More Mything Links

More Mything Links



FRANCIS L. BRANNIGAN began his fire service career as a naval firefighting officer in World War II. He is best known now for his seminars and publications in the field of firefighter safety and for his book BUILDING CONSTRUCTION FOR THE FIRE SERVICE, second edition, published by the National Fire Protection Association.

John F. Kennedy once said, “The great enemy of the truth is very often not the lie, deliberate, contrived, and dishonest, but the myth, persistent, persuasive, and unrealistic.”

We continue the discussion of myths (see “The Mything Link in Fire Protection,” June 1986, for the first article). Myths are believed by the public, the fire forces, or both. They defeat sound fire protection.


The United States General Services Administration recently announced that it would no longer rent unsprinklered buildings that are over five stories high. This perpetuates the myth that the life hazard in a building is directly related to its height.

This myth originated after the famous “Triangle Shirtwaist Fire” that occurred in a New York City high-rise sweatshop in 1911. This fire lead to the deaths of 146 girls. The hue and cry was raised that “they were beyond the reach of ladders.”

A law was then passed that stated: “Factories more than six stories in height (beyond the reach of ladders) must be sprinklered.” Forty-seven years later, in the same area of New York City, 24 workers died in a five-story factory building. The law was then changed to cover all factories.

Large life losses have also occurred in low-rise buildings. The Coconut Grove Night Club, the Circus fire at Hartford, and the Beverly Hills Supper Club are just a few that quickly come to mind.

The key factor in life safety is not the height of the building, but “time to safety” — how long it takes a person to get beyond the grasp of the products of combustion. Human beings are fragile, and this time is very short—much shorter than most people think.

We would not have long, deadend corridors in hotels if code writers had been compelled to make their way down a hallway that is filled with super-heated, black, choking smoke. Few code writers have ever seen a fire from the inside.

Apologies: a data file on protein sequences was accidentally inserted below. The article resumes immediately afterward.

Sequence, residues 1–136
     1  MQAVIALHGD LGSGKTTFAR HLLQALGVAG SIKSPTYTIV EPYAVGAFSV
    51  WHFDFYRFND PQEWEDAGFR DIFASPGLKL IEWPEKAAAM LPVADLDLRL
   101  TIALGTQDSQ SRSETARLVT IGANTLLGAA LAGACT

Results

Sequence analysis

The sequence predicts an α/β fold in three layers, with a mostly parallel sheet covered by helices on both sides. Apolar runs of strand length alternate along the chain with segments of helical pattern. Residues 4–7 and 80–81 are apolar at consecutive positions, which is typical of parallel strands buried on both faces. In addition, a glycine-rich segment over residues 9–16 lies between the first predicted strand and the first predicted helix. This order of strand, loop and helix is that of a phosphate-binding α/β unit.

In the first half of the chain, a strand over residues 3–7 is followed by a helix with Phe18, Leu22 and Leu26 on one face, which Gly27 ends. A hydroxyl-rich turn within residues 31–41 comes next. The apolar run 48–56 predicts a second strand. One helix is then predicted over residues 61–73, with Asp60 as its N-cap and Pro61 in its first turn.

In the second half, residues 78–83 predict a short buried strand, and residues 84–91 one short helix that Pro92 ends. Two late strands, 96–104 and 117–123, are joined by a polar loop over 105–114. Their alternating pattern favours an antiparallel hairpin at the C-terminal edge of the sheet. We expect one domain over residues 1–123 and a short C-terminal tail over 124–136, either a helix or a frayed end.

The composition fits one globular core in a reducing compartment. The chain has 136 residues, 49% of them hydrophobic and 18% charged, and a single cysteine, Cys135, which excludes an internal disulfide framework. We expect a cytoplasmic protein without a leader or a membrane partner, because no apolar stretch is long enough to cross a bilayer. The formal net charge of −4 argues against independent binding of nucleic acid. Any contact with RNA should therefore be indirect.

Many high-rise buildings are literally deathtraps, but do not be lulled into reversing this statement. Do not believe that low-rise buildings are therefore inherently safer. Experience proves otherwise.


Flashover generally means the point at which everything in the room is burning. The generally accepted concept that 15 minutes elapses between ignition and flashover may have been true many years ago when fuels were not that potent, but it no longer applies today.

A correlary of this myth is that there is plenty of time for people to play games with a fire. There isn’t. We must teach them to get out and stay out. The graphic television films of the fire in the soccer stadium in Bradford, England, showed that the fans were almost totally unaware of the terrible danger of the fire they were watching casually, until it was too late.

In 1980, the National Bureau of Standards published a report called “Fires in Residential Basement Recreation Rooms.” Researchers like their reports to have precise titles, but in this case the title caused the report to go unnoticed. The rooms that the researchers used were not just basement recreation rooms, but could well have been living rooms, or office reception areas, or hotel rooms. A newspaper was spread on a couch and the fire was started with a match. The accompanying picture in the report shows the fire out the door in 3 minutes and 55 seconds in a typical test in the series.

[Incidentally, the tests showed that the standard time temperature curve that is used in rating fire resistiveness of assemblies is much too low. A new, more realistic time temperature curve—more reflective to the fire load found in today’s buildings—would be extremely costly to industries that make generous political contributions. Not too long after publication of these tests, the move to abolish the fire research function at the National Bureau of Standards started. Every fire department should request a copy of NBSIR 80-2120 before it is too late. Write: Fire Research, National Bureau of Standards, Washington, DC 20410.]